WHAT IT IS - HOW IT WORKS
frol Act i
ol tin- o
A Handbook for America1 m„nic.
This vital material, prepared by the Senate Internal
Security Subcommittee of the Committee on the Judiciary, headed by Senator James O. Eastland, in an
effort to counteract current misinformation regarding
the Communist movement, is being presented to our
readers in several sections, the first of which appeared
in our March issue.
The extent and interlocking character of mailing lists
maintained by the Communist network is disclosed
by the fact that those whose names appear on mailing lists of one front organization, suddenly and without
solicitation receive mail from another. An envelope sent
out by the National Council of American-Soviet Friendship has used the stencil of the Voice of Freedom Committee. The New York World Telegram of January 17, 1946,
described how a housewife from Wyckoff, N. J., solicited
literature from the National Federation for Constitutional
Liberties and thereafter began receiving under the same
stenciled address unrequested printed matter from the
National Citizens Political Action Committee, the National
Council of American-Soviet Friendship, Inc., and the
Committee for a Democratic Policy Toward China. On
August 9, 1949, Mr. Blair Seese, a member of local 601 of
the Communist-dominated United Electrical, Badio, and
Machine Workers of America, which has been expelled
from the CIO because of this domination, testified before
the Committee on Un-American Activities on the Party's
access to mailing lists, as follows:
Mr. Tavenneh. What about the Communist Party literature; do you receive it yourself through the mail?
Mb. Seese. I have and I still do at times.
Mit. Tavenneh. Do other members of the union also receive it?
Mil Seese. I know other members in the
Communist literature mailed to their homes.
1 who »»*
\In. Tavenneh, What explanation is there for members'!
union who are not members of the Communist ILl
i H"' H
receiving this literature?
\ln. Seese. I have no explanation for it other than >■■
that it seems evident that by some means the menib('rs.,
lists of the stewards' council an- available to the Coinm"" .
Party, because if there are errors in the addresses of any utl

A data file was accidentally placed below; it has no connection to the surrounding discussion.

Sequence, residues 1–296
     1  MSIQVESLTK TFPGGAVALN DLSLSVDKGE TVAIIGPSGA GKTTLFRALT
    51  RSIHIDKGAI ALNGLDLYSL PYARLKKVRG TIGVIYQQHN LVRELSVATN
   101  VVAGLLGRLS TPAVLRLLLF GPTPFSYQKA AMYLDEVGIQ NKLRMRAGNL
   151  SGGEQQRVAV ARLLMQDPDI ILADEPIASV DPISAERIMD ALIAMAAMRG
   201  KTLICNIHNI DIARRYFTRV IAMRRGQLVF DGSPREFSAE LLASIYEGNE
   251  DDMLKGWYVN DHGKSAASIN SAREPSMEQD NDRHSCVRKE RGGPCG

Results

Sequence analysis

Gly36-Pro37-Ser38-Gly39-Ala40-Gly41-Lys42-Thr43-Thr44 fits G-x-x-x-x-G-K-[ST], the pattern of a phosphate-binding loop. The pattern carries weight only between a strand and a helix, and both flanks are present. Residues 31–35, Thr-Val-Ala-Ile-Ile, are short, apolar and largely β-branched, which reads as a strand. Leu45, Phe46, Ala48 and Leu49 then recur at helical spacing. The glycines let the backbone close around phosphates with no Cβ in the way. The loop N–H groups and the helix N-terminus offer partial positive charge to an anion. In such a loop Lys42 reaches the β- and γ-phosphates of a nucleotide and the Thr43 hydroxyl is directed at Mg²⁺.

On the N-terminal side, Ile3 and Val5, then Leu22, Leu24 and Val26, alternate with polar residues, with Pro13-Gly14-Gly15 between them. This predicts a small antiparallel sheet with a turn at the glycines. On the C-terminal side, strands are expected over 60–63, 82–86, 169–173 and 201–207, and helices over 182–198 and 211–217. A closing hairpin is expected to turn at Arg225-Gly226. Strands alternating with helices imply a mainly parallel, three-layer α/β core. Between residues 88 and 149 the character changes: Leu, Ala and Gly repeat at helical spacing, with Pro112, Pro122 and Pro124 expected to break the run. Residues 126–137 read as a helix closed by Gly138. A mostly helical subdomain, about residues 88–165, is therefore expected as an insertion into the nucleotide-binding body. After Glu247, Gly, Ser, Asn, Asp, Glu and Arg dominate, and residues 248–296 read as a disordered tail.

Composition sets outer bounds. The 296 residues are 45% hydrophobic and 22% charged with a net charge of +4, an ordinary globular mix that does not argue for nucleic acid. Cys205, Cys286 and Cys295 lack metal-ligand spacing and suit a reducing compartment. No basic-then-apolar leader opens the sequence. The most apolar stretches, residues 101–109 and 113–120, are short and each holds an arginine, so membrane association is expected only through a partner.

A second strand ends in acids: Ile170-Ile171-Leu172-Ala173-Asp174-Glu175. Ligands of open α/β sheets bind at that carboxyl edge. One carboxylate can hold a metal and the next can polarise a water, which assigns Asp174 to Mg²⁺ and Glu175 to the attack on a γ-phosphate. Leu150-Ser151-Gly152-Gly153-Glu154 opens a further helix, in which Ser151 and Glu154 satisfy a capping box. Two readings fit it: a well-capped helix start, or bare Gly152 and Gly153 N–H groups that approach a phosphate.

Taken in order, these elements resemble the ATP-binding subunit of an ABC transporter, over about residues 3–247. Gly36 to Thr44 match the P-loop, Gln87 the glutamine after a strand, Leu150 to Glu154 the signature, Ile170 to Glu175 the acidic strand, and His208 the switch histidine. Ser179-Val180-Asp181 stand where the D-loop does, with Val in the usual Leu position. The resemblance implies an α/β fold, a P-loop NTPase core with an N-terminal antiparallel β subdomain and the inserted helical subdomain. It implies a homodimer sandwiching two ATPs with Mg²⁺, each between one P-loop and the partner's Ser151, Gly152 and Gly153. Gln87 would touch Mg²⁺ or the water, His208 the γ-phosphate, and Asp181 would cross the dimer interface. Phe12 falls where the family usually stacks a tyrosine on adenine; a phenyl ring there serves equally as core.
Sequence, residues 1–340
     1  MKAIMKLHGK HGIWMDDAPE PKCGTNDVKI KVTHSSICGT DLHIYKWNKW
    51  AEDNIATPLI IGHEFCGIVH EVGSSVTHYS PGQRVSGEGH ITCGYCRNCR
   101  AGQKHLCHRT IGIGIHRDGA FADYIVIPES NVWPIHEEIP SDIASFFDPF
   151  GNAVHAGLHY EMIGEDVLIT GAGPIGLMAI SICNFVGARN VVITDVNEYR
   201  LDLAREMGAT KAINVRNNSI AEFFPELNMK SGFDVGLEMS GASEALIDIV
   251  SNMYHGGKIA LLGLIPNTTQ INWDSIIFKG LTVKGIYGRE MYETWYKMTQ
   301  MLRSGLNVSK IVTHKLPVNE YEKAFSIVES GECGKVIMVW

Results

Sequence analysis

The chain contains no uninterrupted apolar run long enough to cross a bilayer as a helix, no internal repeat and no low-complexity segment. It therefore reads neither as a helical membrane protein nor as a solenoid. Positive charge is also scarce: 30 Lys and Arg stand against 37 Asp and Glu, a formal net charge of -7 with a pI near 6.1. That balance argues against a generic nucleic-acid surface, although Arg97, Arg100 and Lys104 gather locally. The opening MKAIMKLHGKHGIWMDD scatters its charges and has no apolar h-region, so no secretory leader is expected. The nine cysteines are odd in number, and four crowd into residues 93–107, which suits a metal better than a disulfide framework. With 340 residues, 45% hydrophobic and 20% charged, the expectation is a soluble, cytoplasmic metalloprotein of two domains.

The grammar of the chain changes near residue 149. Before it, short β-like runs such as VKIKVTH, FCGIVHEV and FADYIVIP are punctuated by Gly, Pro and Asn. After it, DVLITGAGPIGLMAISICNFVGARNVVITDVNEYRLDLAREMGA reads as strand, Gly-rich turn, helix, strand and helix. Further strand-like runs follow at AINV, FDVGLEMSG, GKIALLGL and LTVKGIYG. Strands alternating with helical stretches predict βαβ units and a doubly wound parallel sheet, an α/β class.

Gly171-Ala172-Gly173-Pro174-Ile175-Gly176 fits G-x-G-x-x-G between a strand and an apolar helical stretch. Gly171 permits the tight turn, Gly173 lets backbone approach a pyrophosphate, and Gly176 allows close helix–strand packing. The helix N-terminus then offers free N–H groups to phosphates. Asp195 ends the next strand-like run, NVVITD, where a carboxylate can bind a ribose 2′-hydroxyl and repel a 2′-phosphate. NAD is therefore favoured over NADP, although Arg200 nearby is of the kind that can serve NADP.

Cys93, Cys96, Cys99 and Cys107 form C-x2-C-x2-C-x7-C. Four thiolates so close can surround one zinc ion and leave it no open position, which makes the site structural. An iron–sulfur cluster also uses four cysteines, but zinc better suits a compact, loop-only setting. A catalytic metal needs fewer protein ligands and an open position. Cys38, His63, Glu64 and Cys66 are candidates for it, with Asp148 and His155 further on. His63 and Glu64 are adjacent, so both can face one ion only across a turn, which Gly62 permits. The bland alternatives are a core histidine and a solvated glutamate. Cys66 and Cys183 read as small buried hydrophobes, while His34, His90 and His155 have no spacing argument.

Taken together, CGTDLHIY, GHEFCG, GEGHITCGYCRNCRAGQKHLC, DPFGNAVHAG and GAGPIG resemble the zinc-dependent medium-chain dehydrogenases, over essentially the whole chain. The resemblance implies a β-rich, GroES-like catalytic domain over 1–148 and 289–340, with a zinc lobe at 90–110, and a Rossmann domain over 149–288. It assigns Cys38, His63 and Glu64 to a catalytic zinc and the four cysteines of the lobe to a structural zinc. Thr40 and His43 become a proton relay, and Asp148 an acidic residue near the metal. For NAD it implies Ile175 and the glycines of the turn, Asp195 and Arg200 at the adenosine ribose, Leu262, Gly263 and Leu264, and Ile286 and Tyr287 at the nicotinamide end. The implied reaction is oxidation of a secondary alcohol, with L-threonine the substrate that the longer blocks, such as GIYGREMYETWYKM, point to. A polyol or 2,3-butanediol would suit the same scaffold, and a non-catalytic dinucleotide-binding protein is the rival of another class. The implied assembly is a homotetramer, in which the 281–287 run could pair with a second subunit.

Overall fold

members, the same errors are made in sending out the ^'l
Under these circumstances it is inconceivable tn*,
Communist Party would not maintain a roster of "'
The Communist Party is most scrupulous in the *
checks upon and husbands its forces to insure the a
mum utilization of every ounce of available coop* J
and support and to guard against possible losses, r
<" any o
"> anv otl
purpose rigorous registrations of all Party mwnl'S „.'each et
conducted regularly. As J. Peters indicated in The C°[
nist Party — a Manual on Organization, "The pan)
ership must know its forces, must be able to assifj°J
one to the place where he is most suitable and mnS a
ed." In this respect he cites with approval Lenin s c
to the Party leadership:
Not only to advise • • • but really conduct the ore•'f.ijs
one must know exactly who is playing first or second ",
and where, what instrument he was taught, where and u
where and why he plays out of tune (when the music '"'.'■
to be trying to the ear), and what changes should be ui:"
the orchestra so as to remedy the dissonance ' * °.
Evidence of Party Membership
w *o deal
M. I he
ChaI to ,
The simple evidentiary test of a Communist P8* 't
1— ——........ j ...... ... „ vv. .ht'l"l \< '"''ovi-
will not suffice for proof of membership. Nor will t" ,1 ^ \. pr
fictions incorporated in the official Constitution ^h Cons
Communist Party, USA, serve as a fruitful guide- ^ tot js
An excellent guide to determine Communist l'."^ t,
Facts Forum News, W"